The book is well written and not only will you learn about the history of Zimbabwe but you will also get a picture of what the people of this nation had to endure & continue to endure to obtain and ensure peace and economical security.

Barbara C. (Fountain Hills, AZ)

Zimbabwe - House of Stone
This is an historical fiction novel wrapped in a mystery. The narrator is a manipulative, self serving character who proves himself duplicitous in his final acts. He is desperate to have himself adopted into a family, as that family's history slowly reveals itself. The chaos of a nation undergoing revolutionary change is painfully and visually described. As a freshman writer, Tshuma writes with clarity, compassion, fervency, and dark humor. The reveal as to what happened to Bukhosi is heartbreaking, and proves that the initial distasteful character of the narrator proves correct. The book was hard to read in some areas, and rather difficult to get into because of the foreign names and words, but as I became familiar with the characters and the cadence of the book, just read along with the flow of ideas and plot .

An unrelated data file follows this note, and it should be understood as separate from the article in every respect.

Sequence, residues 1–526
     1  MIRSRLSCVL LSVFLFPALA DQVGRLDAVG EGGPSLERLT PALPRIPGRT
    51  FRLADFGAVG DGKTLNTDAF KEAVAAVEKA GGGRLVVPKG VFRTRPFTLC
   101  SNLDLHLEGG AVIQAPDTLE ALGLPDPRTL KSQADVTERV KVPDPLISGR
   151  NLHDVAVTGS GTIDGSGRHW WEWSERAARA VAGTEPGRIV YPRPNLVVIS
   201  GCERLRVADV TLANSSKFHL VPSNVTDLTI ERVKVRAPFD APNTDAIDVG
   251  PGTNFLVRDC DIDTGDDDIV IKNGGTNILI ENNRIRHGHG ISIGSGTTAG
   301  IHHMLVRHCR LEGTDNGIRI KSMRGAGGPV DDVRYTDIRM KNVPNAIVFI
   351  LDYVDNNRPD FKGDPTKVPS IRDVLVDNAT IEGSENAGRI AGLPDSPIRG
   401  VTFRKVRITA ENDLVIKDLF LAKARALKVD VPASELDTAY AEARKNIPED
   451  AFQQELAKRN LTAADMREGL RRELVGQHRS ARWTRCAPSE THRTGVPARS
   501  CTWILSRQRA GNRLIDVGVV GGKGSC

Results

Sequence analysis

...12 more reader reviews

Membership Advantages
  • Reviews
  • "Beyond the Book" backstories
  • Free books to read and review (US only)
  • Find books by time period, setting & theme
  • Read-alike suggestions by book and author
  • Book club discussions
  • and much more!
  • Just $10 for 3 months or $35 for a year
  • More about membership!

Author Information

Novuyo Rosa Tshuma

Novuyo Rosa Tshuma grew up in Zimbabwe and lives in Houston, Texas. Her work has appeared in numerous journals and anthologies, including The Displaced, edited by Viet Thanh Nguyen. Her short story collection, Shadows, won the 2014 Herman Charles Bosman Prize and was longlisted for the 2014 Etisalat Prize for Literature. She is a graduate of the Iowa Writers' Workshop and serves on the editorial advisory board and is a fiction editor at the Bare Life Review, a journal of refugee and immigrant literature based San Francisco.

Membership Advantages
  • Reviews
  • "Beyond the Book" backstories
  • Free books to read and review (US only)